6 New Books by Black Authors to Pick Up for Juneteenth

6 New Books by Black Authors to Pick Up for Juneteenth

Personal Growth

June 19, 2020

Juneteenth commemorates the day that the last enslaved people in the United States finally heard the news of their freedom when, on June 19, 1865, Union army general Gordan Granger announced the Emancipation Proclamation in Texas. Today, it serves as a celebration of Black identity and achievement, and in honour of the holiday, we’ve collected a list of new books by Black authors.

We think these books deserve to be read all year round, and there’s no better time than to do so than Juneteenth, which offers an invitation to read stories that highlight and celebrate a wealth of Black experiences, voices, and perspectives.

We’ve included links to purchase these books through Black-owned bookstores, and want to highlight that this is an especially great week to pick up these books as the publishing industry joins together to #BlackOutBestsellerLists. Happy reading!

  1. Deacon King Kong by James McBride A New York Times bestselling author returns with one of the most riveting novels of recent times. When a cranky old church deacon named Sportcoat shoots a local drug dealer in South Brooklyn in broad daylight, a police investigation ensues and brings to light the complex relationships between the African American, Latinx, and Italian residents who witnessed the event. This “deeply felt, beautifully written, and profoundly humane” tale (The New York Times Book Review) was just announced as Oprah’s latest book club pick.
  2. Hitting a Straight Lick with a Crooked Stick by Zora Neale Hurston One of the most important writers of the 20th Century, Zora Neale Hurston penned powerful, witty, and indispensable accounts of the Black experience in America. In a compilation The Washington Post calls a “significant testament to the enduring resonance of Black women’s writing” — featuring several recently rediscovered stories — Hitting a Straight Lick with a Crooked Stick offers fresh insight into Hurston’s rise to prominence during the Harlem Renaissance.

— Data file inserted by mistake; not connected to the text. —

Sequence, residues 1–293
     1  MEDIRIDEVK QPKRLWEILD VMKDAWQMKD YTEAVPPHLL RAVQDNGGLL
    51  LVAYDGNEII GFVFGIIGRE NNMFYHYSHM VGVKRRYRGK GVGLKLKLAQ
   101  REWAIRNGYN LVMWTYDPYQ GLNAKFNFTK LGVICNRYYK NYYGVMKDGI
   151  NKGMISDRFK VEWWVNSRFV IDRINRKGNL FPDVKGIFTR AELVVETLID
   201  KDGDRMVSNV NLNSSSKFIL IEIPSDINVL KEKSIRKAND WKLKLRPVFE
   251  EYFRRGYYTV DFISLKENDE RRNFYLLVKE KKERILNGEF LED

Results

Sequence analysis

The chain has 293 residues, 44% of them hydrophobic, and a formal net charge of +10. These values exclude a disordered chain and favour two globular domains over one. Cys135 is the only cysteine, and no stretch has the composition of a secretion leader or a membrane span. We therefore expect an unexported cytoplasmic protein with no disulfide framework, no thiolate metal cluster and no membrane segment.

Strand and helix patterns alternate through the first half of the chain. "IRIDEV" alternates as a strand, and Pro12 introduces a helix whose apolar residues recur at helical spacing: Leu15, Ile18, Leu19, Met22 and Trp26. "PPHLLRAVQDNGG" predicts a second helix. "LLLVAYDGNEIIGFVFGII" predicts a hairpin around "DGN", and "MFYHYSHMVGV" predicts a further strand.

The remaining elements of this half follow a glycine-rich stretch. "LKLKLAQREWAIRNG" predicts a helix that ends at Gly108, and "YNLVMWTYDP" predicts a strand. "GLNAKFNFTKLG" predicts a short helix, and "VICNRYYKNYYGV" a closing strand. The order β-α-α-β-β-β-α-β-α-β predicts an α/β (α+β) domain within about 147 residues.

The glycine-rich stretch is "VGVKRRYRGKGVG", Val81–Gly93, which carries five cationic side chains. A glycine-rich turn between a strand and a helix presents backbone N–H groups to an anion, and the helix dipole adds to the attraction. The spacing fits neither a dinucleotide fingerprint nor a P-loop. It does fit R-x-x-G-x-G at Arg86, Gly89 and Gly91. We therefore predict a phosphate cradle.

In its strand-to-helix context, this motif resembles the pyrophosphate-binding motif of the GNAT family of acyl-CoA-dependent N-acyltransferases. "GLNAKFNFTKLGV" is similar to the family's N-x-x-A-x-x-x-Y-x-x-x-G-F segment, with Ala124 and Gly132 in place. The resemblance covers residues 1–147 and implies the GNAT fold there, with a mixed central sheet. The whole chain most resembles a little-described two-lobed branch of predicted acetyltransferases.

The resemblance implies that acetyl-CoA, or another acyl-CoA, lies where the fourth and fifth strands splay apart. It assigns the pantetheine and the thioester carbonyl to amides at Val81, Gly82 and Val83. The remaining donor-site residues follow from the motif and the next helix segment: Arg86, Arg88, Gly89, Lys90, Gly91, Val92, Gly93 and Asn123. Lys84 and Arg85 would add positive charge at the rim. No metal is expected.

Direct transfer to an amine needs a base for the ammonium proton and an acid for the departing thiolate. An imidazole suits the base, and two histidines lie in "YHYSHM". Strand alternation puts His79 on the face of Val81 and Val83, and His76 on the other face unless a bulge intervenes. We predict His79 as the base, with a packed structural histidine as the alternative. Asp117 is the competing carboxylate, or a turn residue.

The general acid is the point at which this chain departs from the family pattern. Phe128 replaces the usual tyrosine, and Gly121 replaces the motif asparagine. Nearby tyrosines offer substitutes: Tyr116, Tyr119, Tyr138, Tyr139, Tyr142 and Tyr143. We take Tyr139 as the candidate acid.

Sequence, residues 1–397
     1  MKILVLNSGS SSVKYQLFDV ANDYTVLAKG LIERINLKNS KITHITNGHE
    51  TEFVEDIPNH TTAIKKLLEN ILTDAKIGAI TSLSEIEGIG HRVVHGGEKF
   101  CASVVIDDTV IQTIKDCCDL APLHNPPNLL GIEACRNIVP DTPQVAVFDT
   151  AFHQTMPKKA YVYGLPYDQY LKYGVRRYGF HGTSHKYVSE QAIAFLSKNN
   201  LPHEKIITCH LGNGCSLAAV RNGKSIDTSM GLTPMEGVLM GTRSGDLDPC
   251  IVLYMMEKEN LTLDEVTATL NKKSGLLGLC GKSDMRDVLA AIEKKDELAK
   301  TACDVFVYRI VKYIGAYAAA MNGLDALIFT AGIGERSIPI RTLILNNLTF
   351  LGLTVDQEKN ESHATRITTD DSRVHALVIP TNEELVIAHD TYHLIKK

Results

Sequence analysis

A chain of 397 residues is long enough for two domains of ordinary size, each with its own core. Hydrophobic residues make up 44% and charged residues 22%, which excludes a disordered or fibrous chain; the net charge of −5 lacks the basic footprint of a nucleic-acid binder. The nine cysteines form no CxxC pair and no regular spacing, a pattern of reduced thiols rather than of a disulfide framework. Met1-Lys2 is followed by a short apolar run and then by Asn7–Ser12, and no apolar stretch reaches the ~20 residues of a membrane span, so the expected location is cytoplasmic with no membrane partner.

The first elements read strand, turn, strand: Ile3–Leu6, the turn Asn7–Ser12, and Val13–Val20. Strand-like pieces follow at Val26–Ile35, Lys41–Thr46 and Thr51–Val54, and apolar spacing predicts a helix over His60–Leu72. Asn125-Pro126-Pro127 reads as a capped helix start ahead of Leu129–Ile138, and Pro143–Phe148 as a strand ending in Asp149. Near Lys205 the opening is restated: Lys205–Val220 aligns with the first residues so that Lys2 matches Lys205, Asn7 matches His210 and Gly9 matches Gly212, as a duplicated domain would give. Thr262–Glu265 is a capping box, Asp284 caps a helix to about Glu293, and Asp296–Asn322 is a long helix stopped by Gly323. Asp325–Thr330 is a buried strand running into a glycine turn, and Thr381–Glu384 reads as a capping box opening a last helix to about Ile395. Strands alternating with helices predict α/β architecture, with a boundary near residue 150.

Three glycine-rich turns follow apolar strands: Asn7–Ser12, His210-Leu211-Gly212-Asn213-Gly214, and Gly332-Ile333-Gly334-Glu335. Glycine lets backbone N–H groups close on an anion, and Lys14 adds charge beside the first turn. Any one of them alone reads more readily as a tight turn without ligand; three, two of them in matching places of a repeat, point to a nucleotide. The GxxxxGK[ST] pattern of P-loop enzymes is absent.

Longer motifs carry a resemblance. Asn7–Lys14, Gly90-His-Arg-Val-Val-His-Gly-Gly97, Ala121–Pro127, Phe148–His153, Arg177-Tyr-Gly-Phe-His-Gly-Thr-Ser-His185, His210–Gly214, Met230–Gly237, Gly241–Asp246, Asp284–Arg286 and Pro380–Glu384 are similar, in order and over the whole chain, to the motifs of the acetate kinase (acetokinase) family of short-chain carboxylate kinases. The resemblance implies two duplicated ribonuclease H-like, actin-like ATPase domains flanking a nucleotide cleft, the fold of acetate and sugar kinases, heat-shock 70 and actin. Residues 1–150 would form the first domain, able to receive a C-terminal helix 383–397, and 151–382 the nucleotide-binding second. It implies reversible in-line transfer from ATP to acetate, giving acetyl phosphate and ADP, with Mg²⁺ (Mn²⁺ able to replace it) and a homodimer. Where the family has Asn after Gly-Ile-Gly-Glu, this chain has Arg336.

3. It’s About [censored] Time by Arlan Hamilton and Rachel L. Nelson An unmissable memoir, It’s About [censored] Time shares Arlan’s journey from homelessness to being a successful venture capitalist. As a gay Black woman, Arlan has committed herself to invest in founders that looked different than the white men surrounding her in Silicon Valley, and today her venture capital firm invests in people of colour, women, and LGBTQ+ individuals. Part business book, part how-to, and part memoir, It’s About [censored] Time is an inspiring and refreshing read.
  4. The City We Became by N. K. Jemisin In this speculative fiction novel, five New Yorkers defend their city from an ancient evil and overcome prejudices to create sanctuaries in the different boroughs, bringing together family, love, and trust. This Hugo Award-winning author deftly abstracts racial issues as a way to magnify their truth and significance. Spun together with powerful imagery and evocative language, The City We Became is at once “a reclamation and a call to arms” (The New York Times Book Review).
  5. Wow, No Thank You. by Samantha Irby This hilarious, manic, and relatable collection of laugh-out-loud essays tracks Irby’s travels from Hollywood to Chicago, featuring Mason jar salads, strange weekends in Los Angeles, and embracing an identity as a “cheese fry–eating, slightly damp Midwest person.” This “stay-up-all-night, miss-your-subway-stop, spit-out-your-beverage funny” book (Jia Tolentino) is a must-read from a hilarious, #1 New York Times bestselling author.
  6. Tiny Imperfections by Alli Frank and Asha Youmans Josie Bordelon has put her past — as a star model in the 90s — way behind her. She’s now the director of admissions at one of San Francisco’s most prestigious private schools, and she’s busy juggling her job and her efforts at keeping her teenage daughter Etta from going down the same path she did. But just as admissions season revs up, Josie will have even more to do. Drama ensues as Etta starts to pursue her own dream and Josie’s stubborn friends try to drag the single former model back into the dating scene.

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